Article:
The status indicates that the entire operation has failed.

510 – Not Extended

A 510 server error occurs when the policy for accessing the resource has not been met within the request. In this case, the server should send back all information for the client to issue an extended request.

511 – Network Authentication Required

This error occurs when the client needs to authenticate themselves in order to gain access to the network.

A response representation from this kind of error should contain a link to a resource that allows users to submit their credentials.

You can find a full list of error codes, including codes from other classes, here.

Impact of 5xx errors on the SEO

When Google gets 5xx error on a site, it can lower a page’s ranking or drop it from the index, as such errors may cause a negative user experience. In fact, these errors have the most harmful impact on SEO.

They are the most difficult errors to fix. It’s hard to find the exact problem they indicate and its simplest solution. Also, often you can’t solve these problems by modifying the page code and you may need to apply to developers or server administrators for help.

Still, you should, and even must, fix them as search engines don’t like 5xx errors at all. A search engine can’t crawl and analyze your site if it gets 500 and 503 errors. This also means that 500 error codes can cause poor user experience and negatively impact on your site’s ranking and indexing.

Of course, your ranking will not drop as soon as a 5xx error appears. There have to be multiple instances of 503 responses over a week or two before the page is removed from Google’s index. And here you have time to fix them.

How to fix 500 error codes

Sometimes it can be difficult to pinpoint the source of a 5xx error, and they can occur if files are missing or corrupt, if there are incompatible upgrades, or if there are errors within scripts.

If you find that you have a 5xx response, there are a few verifications that you must carry out first:

  1. Reload the page in case the issue was merely momentary.
  2. Check the error log on the site.
  3. Consider any changes or upgrades to the system that you have carried out recently and roll them back until the issue is resolved.

It’s also worth inspecting any plugins that you have recently installed. Again, rollback any recently installed plugins until the issue is resolved.

Upgraded software can also be a culprit, and unsuccessful upgrades, missing files, or file corruptions can easily cause 5xx responses. If you’ve recently upgraded your software, try uninstalling the upgrade and try again.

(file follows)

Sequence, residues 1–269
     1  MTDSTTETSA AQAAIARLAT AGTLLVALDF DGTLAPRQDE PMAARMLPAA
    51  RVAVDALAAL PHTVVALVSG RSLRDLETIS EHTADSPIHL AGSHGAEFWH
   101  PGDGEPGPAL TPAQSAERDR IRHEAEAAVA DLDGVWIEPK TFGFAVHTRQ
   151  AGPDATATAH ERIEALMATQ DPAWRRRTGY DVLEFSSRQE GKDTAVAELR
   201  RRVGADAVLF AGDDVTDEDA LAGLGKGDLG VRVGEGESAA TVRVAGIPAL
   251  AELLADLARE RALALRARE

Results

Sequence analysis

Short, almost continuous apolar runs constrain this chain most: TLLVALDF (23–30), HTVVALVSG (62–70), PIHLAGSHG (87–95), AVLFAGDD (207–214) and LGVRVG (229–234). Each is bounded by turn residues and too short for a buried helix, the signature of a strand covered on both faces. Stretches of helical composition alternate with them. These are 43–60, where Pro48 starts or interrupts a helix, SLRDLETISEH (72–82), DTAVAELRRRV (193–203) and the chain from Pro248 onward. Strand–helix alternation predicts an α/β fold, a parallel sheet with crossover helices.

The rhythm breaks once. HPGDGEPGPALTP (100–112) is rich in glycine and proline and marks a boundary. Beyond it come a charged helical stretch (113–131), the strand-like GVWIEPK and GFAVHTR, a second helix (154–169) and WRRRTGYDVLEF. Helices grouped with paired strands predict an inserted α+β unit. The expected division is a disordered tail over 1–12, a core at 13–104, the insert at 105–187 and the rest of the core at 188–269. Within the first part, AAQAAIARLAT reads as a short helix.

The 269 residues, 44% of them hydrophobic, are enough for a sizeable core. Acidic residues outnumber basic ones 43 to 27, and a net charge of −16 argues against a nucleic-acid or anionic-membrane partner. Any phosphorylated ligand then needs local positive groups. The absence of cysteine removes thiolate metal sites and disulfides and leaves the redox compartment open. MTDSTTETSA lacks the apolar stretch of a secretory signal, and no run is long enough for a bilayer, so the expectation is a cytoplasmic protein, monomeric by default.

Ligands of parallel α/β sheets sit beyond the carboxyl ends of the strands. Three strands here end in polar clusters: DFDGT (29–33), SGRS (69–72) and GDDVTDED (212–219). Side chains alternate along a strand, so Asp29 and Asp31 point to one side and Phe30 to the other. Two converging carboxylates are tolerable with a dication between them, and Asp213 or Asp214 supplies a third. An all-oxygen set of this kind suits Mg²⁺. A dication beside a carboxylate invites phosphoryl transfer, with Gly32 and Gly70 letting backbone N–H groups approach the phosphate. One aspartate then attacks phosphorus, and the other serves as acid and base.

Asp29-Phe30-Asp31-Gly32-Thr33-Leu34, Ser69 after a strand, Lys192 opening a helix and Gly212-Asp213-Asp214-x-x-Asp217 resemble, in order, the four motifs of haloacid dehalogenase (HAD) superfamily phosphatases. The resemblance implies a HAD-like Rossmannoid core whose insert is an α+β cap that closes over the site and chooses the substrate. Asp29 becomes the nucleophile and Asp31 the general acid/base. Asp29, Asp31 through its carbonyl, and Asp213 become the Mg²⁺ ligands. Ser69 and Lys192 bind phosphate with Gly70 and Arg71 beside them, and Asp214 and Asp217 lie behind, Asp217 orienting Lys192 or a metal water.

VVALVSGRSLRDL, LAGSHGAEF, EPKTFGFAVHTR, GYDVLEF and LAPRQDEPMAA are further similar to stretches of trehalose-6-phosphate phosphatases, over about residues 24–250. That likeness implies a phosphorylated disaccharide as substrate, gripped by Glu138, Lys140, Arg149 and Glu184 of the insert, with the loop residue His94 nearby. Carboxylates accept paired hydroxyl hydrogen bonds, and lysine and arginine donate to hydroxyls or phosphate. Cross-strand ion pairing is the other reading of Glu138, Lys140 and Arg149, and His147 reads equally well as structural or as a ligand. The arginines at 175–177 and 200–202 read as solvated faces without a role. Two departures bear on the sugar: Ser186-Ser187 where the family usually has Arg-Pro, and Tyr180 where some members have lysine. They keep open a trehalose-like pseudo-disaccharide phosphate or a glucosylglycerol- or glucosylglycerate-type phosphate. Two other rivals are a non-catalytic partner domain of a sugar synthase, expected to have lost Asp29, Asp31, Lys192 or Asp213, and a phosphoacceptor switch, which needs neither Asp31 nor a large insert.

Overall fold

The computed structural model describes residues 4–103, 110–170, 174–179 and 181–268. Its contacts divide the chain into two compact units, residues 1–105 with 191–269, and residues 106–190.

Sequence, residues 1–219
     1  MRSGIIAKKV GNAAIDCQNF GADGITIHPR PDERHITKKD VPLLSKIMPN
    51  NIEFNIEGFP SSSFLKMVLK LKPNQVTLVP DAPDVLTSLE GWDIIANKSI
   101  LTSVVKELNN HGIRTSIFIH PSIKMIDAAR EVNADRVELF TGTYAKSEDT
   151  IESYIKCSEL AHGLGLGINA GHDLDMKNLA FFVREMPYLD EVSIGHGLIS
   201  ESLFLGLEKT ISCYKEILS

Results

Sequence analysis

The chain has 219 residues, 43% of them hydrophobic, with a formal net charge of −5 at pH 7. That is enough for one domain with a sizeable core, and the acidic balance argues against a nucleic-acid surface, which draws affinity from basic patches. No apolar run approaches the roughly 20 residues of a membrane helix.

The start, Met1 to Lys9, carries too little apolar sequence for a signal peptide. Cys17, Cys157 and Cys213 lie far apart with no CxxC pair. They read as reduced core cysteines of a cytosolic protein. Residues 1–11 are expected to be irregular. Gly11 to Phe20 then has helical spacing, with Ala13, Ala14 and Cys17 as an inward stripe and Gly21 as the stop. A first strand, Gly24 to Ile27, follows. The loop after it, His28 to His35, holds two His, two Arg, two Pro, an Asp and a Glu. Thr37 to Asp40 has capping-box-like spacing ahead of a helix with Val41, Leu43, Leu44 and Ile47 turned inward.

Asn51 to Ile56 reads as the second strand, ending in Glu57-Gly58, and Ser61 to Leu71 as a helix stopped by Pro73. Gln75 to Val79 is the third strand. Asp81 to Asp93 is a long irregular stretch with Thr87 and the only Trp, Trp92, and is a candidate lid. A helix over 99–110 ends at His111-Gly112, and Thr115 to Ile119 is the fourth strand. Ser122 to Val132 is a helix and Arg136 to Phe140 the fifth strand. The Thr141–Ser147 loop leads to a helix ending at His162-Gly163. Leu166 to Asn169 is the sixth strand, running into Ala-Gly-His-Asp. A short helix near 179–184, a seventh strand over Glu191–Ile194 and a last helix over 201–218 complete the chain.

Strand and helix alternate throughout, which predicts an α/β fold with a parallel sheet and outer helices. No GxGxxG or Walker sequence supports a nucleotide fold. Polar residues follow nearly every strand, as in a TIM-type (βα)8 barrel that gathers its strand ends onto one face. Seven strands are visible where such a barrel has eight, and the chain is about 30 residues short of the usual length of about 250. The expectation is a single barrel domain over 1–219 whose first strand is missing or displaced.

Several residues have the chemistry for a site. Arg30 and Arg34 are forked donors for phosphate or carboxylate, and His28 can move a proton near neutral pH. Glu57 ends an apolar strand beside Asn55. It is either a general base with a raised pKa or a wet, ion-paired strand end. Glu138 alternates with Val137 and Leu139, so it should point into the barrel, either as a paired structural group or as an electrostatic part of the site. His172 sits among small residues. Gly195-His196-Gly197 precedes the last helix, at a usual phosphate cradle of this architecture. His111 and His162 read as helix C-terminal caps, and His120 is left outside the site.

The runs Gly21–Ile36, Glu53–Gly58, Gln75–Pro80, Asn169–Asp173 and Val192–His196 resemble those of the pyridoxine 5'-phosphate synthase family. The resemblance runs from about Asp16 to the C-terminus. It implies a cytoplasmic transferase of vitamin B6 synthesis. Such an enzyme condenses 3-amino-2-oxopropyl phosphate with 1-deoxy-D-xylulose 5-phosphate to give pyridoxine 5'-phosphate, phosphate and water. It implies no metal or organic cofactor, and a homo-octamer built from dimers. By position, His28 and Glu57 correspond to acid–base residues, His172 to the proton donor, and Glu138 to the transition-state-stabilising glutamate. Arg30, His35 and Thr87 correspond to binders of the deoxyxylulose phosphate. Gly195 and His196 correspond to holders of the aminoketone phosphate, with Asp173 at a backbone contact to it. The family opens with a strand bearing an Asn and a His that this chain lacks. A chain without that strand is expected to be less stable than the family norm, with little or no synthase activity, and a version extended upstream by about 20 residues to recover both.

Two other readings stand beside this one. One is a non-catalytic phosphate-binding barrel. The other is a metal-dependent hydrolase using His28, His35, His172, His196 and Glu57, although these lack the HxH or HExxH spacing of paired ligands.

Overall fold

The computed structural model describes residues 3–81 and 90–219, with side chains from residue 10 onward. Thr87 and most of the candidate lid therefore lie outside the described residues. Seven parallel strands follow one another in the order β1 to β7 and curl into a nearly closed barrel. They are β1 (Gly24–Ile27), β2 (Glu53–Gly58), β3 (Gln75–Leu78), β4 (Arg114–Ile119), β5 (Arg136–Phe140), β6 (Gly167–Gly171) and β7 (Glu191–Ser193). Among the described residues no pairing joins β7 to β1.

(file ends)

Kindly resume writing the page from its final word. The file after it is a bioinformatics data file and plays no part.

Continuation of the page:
New themes and plugins can also be incompatible with new software, so try pinpointing the issue by deactivating the plugins one by one until the issue is resolved.
Server-side scripts can also cause issues
When 500 errors appear on your website, it’s also worth checking your server scripts to try and resolve the issue:

  • Check if the server permissions are correct. Permissions for a PHP or CGI script should be set to 0755 (-rwxr-xr-x).
  • If the server can connect to external services, there could be a PHP timeout. Review your timeout rules and error handling. However, these can be difficult to locate, so the solution could be to simply remove external connections.
  • Too many calls at once can cause a server timeout, alongside lost server connections and reboots, so test the script to ensure that this does not happen frequently.
  • You could also have an error in an .htaccess file that could prevent a page from loading. Although rare, test this by temporarily removing the file and reload the page.
  • If a webpage has a CGI or Perl extension, then you should check the script. Ensure to save CGI files in an ASCII format and ensure to upload them to the cgi-bin directory in the ASCII mode.


A 5xx server error is an error which occurs when server doesn’t fulfill a request. There are 10 types of this error. Each one is discussed in this article.

It’s quite difficult to detect and fix each occurence of these errors, but search engines don’t like them, especially 500 and 503 errors. Search engines can remove your site from their index after they repeatedly get such a response. To prevent deindexing, use SEO tools to audit your site and detect 5xx errors in time. You can fix errors using three strategies:
Reload the page to check if the issue was merely momentary.
Check the error log on the site.
Consider any changes or upgrades to the system that you have carried out recently and roll them back until the issue is resolved.

Inna Yatsyna is a Brand and Community Manager at Serpstat, an all-in-one SEO platform. Inna is experienced in digital and content marketing, along with SEO. She’s fond of writing useful posts, helping people, reading, traveling, and animals (especially dogs).